Tuesday, November 15, 2022

Offical opening of Golden Bay shared pathway bridge

Christine Pullar shared pathway Bridge Motupipi

The new Christine Pullar Bridge

Well over 50 people attended the offical opening ceremony for the Christine Pullar shared pathway bridge over the Motupipi River near Takaka in Golden Bay, on a bright sunny day, last Tuesday afternoon the 8 November 2022.

The official opening ceremony included a Karakia and blessing by Manawhenua ki Mohua the local iwi, representatives and Chairperson Axel Downard-Wilke of the Golden Bay Cycle and Walkways Society, children from Motupipi School and representatives from Tasman District Council, members of the public, cyclists and walkers. 

The bridge is named after the late Christine Pullar, who was a strong advocate for cycling and walking facilities in Golden Bay. A wooden plaque with her name on it was unveiled during the opening ceremony.

Christine Pullar was a driving force for cycling and walking facilities in Golden Bay.

photo supplied

During the ceremony, the new bridge and its plaque were both blessed, with people invited to touch the plaque as they walked past.

Christine was one of those people – along with some others – that were at the heart of generating shared pathways and she really contributed to the Golden Bay community, but sadly passed away in late April this year.

Pullar had fought hard for the bridge to be built, and had spearheaded the campaign for its funding and the naming of the bridge was dedicated to Pullar’s memory.

The plaque that was unveiled and blessed by local iwi during the opening ceremony 

A plaque memorialising nine-year-old Robin Snelling was also unveiled during the ceremony. Robin died in September 1992 when he was hit by a car on the Motupipi bridge. 

A plaque in memory of Robin Joseph Snelling aged 9 was also blessed during the opening ceremony

Robin had been watching whitebait fishermen at work in the Motupipi river after school when he was hit by a car while crossing the road. Members of Robin’s family were also in attendance.

The blessing of Robin Joseph Snellings plaque attached to the bridge in the background his mother Helen Rhodes and her son Isaac Snelling.

The route between Tākaka and Pōhara is now a whole lot safer and more pleasant to use for cyclists and pedestrians following the opening of the new Christine Pullar bridge over the Motupipi River, just in time for summer.

The children from Motupipi School took part in the ceremony singing songs and one of them was in memory of former pupil Robin Snelling

The bridge was recommended by The Golden Bay Cycle and Walkways Society to the Golden Bay Community Board who took the project on board and recommended it to Council.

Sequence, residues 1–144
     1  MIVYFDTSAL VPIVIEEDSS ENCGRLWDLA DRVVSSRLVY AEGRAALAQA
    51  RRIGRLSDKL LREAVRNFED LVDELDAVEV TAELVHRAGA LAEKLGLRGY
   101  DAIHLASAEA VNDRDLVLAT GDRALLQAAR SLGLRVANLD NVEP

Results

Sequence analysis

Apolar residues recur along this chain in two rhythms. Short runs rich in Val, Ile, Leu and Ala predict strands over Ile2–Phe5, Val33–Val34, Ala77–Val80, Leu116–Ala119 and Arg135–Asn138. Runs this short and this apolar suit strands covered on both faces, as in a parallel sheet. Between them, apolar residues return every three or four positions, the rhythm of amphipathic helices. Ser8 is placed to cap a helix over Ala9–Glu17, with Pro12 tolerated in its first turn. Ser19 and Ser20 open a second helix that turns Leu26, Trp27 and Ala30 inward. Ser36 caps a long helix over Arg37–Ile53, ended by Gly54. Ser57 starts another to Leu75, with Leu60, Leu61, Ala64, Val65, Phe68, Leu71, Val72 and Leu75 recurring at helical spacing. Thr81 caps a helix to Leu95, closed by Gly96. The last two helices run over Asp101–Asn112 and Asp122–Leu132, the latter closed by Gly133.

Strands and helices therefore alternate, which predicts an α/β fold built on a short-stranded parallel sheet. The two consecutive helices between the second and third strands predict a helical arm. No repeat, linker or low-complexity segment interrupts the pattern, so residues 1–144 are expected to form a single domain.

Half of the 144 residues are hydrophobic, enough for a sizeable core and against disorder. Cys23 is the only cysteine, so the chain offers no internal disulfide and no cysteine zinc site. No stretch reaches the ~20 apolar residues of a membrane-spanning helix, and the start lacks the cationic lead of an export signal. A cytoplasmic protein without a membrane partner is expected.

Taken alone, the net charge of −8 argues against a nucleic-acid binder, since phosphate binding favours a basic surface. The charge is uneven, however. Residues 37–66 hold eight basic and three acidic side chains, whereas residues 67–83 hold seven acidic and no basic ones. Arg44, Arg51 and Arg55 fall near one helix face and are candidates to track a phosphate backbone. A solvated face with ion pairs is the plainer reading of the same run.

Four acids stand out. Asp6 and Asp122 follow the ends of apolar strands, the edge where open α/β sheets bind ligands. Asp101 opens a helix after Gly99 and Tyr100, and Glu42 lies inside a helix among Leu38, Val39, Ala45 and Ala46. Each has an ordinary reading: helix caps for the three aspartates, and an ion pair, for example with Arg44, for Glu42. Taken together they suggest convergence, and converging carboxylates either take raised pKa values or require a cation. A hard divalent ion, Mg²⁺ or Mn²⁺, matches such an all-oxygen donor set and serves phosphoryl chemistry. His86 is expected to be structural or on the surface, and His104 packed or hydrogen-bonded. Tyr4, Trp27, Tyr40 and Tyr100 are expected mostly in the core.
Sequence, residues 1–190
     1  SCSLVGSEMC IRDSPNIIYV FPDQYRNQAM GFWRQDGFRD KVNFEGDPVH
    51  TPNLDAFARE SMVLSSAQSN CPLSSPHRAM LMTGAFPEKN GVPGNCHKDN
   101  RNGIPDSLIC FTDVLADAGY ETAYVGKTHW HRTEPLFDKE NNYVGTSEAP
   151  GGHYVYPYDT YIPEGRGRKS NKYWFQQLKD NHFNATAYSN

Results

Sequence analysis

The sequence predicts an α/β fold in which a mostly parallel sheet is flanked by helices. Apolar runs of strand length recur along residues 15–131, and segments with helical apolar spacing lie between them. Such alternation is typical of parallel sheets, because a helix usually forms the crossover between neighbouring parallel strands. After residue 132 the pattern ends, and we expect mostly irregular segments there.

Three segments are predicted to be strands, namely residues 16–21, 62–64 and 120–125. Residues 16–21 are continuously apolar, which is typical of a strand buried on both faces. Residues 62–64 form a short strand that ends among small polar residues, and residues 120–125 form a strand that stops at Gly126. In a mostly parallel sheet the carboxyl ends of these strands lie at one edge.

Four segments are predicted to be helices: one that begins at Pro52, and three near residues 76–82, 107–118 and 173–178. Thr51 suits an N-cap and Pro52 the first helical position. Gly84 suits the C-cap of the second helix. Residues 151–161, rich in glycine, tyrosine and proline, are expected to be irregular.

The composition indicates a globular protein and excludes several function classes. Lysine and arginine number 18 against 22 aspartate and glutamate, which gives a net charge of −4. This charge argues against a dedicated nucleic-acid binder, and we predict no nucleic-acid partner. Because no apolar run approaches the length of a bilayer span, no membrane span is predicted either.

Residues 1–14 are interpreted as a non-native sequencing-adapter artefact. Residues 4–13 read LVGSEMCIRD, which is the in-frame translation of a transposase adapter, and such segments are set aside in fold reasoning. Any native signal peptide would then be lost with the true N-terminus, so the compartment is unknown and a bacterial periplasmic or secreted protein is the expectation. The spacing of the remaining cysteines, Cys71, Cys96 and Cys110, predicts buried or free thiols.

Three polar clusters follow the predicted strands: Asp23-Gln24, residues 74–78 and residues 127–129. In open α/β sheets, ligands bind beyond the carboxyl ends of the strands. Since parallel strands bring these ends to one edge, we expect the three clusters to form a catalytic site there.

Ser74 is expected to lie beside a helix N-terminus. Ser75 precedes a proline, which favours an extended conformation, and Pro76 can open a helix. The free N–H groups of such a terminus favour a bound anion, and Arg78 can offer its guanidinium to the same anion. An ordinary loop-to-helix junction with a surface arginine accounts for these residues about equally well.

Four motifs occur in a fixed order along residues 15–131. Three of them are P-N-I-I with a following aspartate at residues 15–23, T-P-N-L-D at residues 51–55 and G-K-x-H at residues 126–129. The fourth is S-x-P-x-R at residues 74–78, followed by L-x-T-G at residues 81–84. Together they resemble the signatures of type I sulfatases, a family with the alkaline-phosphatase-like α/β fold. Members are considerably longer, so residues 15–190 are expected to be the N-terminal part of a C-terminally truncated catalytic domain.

Tasman District Council paid for contractors to build the prefabricated structure mounted on piles on the seaward side of the existing road bridge, near the intersection of Abel Tasman Drive and Burnside Road. Apparently, the houses in Burnside road were shacking when the piles were rammed into the river bed.

The cutting of the ribbon opening the bridge

Cyclists and pedestrians on the popular Tākaka to Pōhara shared path have up to now  shared the narrow Motupipi Road bridge with other traffic, which was a real safety concern for all users.

The project had a price tag of just under $400,000.  It was started in August and finished in late October, just in time for the summer visitor season.

“One of the things in Golden Bay is that there is a community spirit second to none and things like this new bridge happen” said Golden Bay Community Board Member Grant Knowles. 

Grant Knowles Golden Bay Community Board Member

“The shared pathway strategy of the Golden Bay Cycle and Walkways Society became a strong group that made things happen and this is only the beginning from Pōhara to Tākaka. I believe it’s only the start and will be up to Collingwood - soon!”  

“I believe they want to take the shared pathway from the Able Tasman National Park to the Heaphy Track in the Kahurangi National Park, so including Tata Beach at one end and eventually onto the Heaphy Track at the other end. I think the Community Board will have a role to play in that, as this is the role of the Community Board.”

“This (The Motupipi Bridge) was the achilles heel of the whole shared pathway strategy, but now with the Christine Pullar Bridge  it is completed and open to the public” said Grant Knowles.

Golden Bay Cycle and Walkways Society chairperson Axel Downard-Wilke said the ceremony was “awesome” and had a high turn out of Golden Bay residents. 

Golden Bay Cycle and Walkways Society chairperson Axel Downard-Wilke

He said “sometimes it was a real struggle forming the shared pathway with a lack of spare land on the roadside, but it was heartwarming to see such community sprit in Golden Bay with landowners coming onboard and giving a strip of land for the shared pathway so the cyclists and pedestrians didn’t have to cross a road.”

“The community is so great that the Society hasn’t yet publicly approached the community about extending the shared pathway to Collingwood, but landowners have proactively approached the Society and about 4km of private land has already been offered for the shared pathway to be extended to Collingwood.”  

I went over to Tākaka from Richmond last week to report on the opening of the Christine Pullar shared pathway bridge and indeed one come away feeling the passion of the Golden Bay community.

Pigeon Post News

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